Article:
Pittsburgh resident Khamil Bailey is helping her community evolve through her nonprofit organization Greenwood Plan, which supports “the communal health of Black communities.”

Although local businesses are choosing to move to other locations in the city, the entrepreneur is helping to create opportunities for people of color in the Pittsburgh community, according to WPXI. At the top of the year, the organization went from being a tenant to owner in The Pitt Building that sits downtown on Smithfield Street.

“People who live here, get to experience the local arts, local theatre, local performances,” Bailey said in an interview with WPXI.

During her interview with WPXI, Bailey shared that the third floor of the space, which is empty, will be transformed into an event space to be utilized by community members. Her goal is to support small Black-owned businesses by offering an inclusive environment that allows them to fully thrive.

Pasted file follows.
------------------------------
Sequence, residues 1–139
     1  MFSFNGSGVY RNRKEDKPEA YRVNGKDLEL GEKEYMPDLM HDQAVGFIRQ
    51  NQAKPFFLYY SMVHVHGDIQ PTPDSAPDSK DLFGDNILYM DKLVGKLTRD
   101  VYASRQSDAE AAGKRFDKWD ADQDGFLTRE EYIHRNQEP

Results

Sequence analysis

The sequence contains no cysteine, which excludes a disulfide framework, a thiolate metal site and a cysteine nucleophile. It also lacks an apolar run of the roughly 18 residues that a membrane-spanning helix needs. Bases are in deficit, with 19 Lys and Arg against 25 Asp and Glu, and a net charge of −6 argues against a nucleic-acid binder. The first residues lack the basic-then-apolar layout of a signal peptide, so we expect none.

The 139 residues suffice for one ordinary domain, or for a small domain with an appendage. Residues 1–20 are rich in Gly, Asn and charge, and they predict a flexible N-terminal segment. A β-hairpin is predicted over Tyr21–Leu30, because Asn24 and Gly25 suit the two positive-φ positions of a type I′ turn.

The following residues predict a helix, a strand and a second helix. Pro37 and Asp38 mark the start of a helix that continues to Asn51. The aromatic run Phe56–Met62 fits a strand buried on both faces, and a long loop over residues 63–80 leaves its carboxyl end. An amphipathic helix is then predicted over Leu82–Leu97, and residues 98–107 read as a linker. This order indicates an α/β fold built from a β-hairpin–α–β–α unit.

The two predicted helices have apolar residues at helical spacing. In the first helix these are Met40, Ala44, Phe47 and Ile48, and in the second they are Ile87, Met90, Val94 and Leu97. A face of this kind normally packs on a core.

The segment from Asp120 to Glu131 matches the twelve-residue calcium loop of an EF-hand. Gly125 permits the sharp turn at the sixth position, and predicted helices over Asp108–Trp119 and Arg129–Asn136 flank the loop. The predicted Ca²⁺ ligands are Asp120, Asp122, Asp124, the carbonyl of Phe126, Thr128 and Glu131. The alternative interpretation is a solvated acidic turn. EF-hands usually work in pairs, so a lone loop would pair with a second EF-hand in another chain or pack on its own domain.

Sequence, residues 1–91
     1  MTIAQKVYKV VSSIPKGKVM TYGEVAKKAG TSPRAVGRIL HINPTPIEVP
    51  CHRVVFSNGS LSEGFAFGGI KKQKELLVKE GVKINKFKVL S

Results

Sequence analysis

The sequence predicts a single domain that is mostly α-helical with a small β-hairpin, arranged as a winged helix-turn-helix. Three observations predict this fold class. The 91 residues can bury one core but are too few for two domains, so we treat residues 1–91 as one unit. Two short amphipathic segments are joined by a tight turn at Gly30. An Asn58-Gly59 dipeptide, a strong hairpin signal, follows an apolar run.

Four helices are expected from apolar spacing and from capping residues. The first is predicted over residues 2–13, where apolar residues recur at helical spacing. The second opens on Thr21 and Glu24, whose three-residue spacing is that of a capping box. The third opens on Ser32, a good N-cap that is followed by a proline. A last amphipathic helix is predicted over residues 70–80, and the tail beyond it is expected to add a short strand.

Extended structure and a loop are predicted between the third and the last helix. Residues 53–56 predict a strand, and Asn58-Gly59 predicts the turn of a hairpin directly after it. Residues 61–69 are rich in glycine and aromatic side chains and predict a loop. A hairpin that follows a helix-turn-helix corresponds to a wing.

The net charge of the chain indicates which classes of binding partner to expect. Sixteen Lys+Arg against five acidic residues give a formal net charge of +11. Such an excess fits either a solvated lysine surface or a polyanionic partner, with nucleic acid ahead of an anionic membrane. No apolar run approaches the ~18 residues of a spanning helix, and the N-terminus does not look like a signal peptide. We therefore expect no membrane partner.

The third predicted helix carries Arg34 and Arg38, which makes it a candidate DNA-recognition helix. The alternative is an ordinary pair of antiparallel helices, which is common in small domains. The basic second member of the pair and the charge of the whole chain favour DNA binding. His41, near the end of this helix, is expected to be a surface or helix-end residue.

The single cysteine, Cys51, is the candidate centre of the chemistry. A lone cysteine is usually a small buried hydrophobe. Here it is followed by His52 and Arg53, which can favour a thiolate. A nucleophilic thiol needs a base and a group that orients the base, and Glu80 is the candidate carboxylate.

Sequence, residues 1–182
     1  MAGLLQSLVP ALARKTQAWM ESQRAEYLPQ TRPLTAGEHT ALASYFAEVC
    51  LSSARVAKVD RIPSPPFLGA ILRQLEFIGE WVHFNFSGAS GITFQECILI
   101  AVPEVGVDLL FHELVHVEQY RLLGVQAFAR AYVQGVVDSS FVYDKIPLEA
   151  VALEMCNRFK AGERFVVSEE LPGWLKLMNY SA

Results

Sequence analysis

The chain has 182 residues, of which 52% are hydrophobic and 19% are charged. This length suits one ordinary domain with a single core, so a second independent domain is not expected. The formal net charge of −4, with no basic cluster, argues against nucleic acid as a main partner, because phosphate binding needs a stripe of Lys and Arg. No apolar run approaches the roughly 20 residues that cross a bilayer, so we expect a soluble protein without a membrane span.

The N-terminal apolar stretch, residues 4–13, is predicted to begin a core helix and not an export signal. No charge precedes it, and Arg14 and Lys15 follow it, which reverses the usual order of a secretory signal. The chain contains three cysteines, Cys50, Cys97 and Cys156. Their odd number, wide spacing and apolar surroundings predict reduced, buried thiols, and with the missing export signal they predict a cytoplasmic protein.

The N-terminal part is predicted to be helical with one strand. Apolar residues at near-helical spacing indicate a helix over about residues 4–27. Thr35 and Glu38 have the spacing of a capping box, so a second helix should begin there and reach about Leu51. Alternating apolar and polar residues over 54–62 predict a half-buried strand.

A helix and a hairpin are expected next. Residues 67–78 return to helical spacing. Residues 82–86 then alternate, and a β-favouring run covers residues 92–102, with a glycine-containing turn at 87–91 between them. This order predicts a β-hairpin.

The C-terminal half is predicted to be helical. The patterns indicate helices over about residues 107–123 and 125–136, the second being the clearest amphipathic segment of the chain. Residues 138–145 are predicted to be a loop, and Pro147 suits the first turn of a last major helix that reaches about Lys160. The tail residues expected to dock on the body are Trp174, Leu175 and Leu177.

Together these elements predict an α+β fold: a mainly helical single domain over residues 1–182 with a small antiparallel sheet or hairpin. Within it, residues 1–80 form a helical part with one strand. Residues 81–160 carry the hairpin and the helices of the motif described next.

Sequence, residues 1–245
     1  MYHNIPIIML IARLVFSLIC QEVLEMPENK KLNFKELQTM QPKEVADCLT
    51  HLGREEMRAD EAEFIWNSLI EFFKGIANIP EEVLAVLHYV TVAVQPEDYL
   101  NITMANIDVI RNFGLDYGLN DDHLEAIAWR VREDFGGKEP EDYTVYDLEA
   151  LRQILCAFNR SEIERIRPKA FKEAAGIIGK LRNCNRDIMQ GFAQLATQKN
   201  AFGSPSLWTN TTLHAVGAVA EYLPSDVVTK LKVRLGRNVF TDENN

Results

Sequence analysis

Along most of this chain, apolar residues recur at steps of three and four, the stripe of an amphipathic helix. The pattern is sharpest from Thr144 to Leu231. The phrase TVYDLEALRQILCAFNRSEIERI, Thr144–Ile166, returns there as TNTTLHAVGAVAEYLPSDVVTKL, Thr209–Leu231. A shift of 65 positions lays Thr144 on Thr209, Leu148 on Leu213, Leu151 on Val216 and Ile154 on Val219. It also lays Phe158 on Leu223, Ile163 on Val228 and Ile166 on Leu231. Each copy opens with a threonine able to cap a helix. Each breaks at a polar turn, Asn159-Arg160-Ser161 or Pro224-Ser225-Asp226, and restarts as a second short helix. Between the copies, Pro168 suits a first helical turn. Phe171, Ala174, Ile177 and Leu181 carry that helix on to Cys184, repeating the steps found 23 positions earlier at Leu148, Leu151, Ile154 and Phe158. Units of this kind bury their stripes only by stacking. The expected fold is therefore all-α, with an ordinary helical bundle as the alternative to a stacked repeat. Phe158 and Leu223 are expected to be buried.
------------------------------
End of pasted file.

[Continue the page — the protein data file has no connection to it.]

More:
“Because we focus on a marginalized community, like Black businesses, we fill a gap that exists and has existed in this region for a long time,” she said.

This expansion of Greenwood Plan owning the commercial property comes just a couple of years after Bailey founded the non-profit in 2021. Her charitable institution kicked off its mission with Emerald City, a “12,000-square-foot co-working, event, and social space dedicated to catapulting Black entrepreneurs and businesses to wealth and regional success,” according to its website.

“This feels like an anomaly to what’s going on downtown because we are growing, we are thriving and people love to be here,” Bailey said to WPXI.

Before Bailey became the owner of the Pitt building, multiple storefront spaces were available, but that will soon change under her ownership.

“We want to make sure that we bring people into the building that positively impact the community,” she said.

She hopes her actions inspire others who can do the same to action and help communities that are often overlooked.

“We are the first now, but ideally there are a ton of buildings that can become Black-owned spaces,” she said, “and change the dynamic of the city for Black people who are here.”